By Christy Barritt
Digital Reading Habits
A new study by the Barna Group on the topic of e-reading and digital books showed that one-quarter of American adults own an e-reading device. Christians are right on par with the national average with one in four Christians using an e-reader or tablet for reading purposes.
Among ministers, e-reading has risen from 14 percent to 44 percent from 2010 to 2012.
People who most often read digitally are between the ages of 29 and 47, white, college educated, have an annual income above $60,000, and are married with children. Overall, women are more likely than men to own an e-reader.
A typical reader uses e-books one-tenth of the time. More dedicated readers use e-books for one-third of their reading.
A representative sample of 1,116 adults were surveyed for this study.
Church Relationships Are Missing Something
Nearly three out of every four churchgoers say they have significant relationships with people at church, but less than half are intentionally helping other believers grow in their faith.
Those are the results from a new study by LifeWay Research.
LifeWay Research presented the statement, “I intentionally try to get to know new people I meet at church.” Only 53 percent of those surveyed agreed with the statement, with only one in six churchgoers strongly agreeing.
Scott McConnell, director of LifeWay Research, said, “Advertisers know that it takes multiple introductions to get someone’s attention. Unfortunately, a visitor to church may have to meet six people before someone cares enough to get to know them.”
The research also revealed that the characteristic that best predicts better relationship building at church is participation in small classes or groups of adults.
Christians Happier Than Atheists
A new study by the University of Illinois at Urbana-Champaign found that Christians are happier and more socially connected than atheists—at least on Twitter.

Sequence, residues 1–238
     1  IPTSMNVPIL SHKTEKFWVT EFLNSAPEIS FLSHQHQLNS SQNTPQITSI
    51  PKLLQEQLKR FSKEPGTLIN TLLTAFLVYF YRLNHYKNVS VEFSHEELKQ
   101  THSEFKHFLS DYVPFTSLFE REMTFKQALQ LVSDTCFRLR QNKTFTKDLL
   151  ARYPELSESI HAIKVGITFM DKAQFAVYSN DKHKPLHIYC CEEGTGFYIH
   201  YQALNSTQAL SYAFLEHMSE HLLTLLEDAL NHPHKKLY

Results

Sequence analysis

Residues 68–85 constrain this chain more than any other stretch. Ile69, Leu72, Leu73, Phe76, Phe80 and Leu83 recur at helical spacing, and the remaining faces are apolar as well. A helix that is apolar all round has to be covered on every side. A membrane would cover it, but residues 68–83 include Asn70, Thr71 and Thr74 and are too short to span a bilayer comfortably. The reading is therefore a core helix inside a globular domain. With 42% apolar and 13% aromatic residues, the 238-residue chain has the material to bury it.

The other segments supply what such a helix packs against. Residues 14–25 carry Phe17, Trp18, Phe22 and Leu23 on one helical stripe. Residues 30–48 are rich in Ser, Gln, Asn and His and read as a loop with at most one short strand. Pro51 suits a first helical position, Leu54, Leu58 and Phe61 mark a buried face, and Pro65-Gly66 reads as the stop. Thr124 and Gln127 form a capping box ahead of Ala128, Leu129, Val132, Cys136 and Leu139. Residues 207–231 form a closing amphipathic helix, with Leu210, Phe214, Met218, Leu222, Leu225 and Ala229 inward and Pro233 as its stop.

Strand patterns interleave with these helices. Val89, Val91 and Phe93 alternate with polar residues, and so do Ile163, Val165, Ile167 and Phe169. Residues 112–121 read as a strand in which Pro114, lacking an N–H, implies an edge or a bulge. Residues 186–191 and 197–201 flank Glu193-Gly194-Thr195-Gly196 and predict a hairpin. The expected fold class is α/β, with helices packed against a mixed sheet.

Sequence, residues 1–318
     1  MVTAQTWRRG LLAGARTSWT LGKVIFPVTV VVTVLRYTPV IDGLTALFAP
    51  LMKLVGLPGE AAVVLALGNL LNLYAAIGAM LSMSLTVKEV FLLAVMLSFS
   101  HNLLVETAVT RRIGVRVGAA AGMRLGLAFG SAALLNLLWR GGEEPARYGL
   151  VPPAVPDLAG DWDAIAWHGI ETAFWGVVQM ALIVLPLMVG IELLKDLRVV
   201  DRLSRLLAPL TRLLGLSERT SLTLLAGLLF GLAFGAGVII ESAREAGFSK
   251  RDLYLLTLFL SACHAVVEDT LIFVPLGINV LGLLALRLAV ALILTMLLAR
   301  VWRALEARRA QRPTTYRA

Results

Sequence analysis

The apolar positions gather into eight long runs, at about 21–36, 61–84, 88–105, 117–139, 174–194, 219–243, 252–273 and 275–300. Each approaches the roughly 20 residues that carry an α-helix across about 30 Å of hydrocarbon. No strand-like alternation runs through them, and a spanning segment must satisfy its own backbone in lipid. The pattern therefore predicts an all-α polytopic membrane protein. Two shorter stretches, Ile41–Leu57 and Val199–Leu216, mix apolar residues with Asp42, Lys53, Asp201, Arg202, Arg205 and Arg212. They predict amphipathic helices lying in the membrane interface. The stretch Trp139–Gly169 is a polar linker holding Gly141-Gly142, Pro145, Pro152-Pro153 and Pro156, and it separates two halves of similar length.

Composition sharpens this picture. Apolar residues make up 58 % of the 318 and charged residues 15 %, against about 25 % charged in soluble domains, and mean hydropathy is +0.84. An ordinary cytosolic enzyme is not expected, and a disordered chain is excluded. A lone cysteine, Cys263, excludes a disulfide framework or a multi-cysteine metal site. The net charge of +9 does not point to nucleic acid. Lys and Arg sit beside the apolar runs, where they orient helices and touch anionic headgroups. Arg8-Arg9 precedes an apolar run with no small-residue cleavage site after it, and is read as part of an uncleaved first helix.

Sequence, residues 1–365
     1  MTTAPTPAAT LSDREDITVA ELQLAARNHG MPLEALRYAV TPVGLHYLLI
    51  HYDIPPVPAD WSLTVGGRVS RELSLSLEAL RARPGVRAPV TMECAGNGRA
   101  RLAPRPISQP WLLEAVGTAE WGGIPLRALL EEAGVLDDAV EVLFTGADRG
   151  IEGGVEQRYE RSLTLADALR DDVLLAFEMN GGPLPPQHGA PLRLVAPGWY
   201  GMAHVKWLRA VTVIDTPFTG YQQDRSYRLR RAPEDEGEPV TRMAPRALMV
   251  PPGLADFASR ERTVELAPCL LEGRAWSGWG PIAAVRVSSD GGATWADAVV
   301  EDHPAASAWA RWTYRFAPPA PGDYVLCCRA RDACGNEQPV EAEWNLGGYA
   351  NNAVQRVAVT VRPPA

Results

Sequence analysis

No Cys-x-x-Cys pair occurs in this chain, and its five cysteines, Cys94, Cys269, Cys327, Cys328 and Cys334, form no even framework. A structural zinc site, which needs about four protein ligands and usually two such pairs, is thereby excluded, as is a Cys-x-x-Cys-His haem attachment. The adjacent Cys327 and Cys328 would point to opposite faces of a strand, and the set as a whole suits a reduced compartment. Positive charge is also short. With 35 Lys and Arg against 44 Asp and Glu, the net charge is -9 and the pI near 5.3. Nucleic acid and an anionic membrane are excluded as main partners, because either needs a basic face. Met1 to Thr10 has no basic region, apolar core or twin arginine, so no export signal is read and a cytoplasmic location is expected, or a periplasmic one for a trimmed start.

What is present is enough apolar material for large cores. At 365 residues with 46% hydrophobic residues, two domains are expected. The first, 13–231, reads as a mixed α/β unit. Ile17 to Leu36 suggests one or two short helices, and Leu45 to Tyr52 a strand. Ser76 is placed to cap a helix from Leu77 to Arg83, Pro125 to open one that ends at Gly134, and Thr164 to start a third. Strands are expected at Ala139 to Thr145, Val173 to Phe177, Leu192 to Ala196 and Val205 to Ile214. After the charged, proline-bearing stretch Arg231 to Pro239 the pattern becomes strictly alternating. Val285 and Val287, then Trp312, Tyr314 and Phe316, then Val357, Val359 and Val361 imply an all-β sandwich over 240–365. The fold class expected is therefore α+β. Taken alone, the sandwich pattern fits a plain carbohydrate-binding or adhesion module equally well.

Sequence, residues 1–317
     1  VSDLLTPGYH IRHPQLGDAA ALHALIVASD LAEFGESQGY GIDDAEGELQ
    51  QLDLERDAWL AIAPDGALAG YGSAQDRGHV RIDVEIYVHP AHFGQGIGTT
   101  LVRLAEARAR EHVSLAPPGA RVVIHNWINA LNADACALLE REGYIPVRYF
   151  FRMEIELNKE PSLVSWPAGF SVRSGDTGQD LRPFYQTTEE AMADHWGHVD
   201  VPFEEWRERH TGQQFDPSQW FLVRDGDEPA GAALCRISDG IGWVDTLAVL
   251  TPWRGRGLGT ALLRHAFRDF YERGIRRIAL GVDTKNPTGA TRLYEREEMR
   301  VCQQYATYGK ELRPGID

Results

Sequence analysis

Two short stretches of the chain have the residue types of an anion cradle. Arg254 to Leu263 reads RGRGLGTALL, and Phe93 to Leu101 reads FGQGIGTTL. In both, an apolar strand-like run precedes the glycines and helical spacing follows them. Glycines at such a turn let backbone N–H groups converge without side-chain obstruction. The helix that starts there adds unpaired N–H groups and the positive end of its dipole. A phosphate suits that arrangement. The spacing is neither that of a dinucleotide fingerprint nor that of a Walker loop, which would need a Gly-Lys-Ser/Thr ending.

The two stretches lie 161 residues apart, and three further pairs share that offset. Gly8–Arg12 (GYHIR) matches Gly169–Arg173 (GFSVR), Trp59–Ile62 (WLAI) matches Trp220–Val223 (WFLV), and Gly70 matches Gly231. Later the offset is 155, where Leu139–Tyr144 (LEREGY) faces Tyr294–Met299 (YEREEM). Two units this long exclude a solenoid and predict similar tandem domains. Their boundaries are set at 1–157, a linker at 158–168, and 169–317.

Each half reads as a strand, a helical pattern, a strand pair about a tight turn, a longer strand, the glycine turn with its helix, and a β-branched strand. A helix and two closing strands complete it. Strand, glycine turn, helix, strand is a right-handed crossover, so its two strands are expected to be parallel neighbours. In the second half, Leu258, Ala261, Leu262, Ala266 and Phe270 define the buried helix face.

The study analyzed data from nearly 2 million tweets from more than 16,000 users on the popular social networking site. Their goal was to examine the differences between Christians and atheists in natural language.
Christians used more words that conveyed positive emotion and fewer words that conveyed negative emotion than nonbelievers did. The study also found that believers tend to be more connected and talk more about social processes than atheists.
Researchers looked for tweets containing words such as love and nice, as well as negative words like hurt and nasty when gathering their results.
“Overall, the present research demonstrates a positive relationship between religion and happiness that can be observed in the subtle differences in language use,” the study said.
Christians and Leadership
More than half of Christians in the United States identify themselves as leaders (58 percent) according to a new study by the Barna Group. Despite that number, 82 percent of those same survey participants indicated that they believe the country is facing a leadership crisis because there aren’t enough leaders.
Another interesting result from the survey was that the leadership qualities participants identified in themselves did not line up with the leadership qualities they expected in others.
The number one quality people look for in a leader is “integrity.” Other important traits that Christians identified were authenticity (40 percent) and discipline (38 percent). Those three qualities were chosen above “passion for God,” which came in at 31 percent.
Despite those results, that same group said they’d want to work for a boss who was collaborative, competent, and humble.
Christy Barritt is an award-winning author, freelance writer, and speaker living in Chesapeake, Virginia. She and her husband Scott have two sons.
Comments: no replies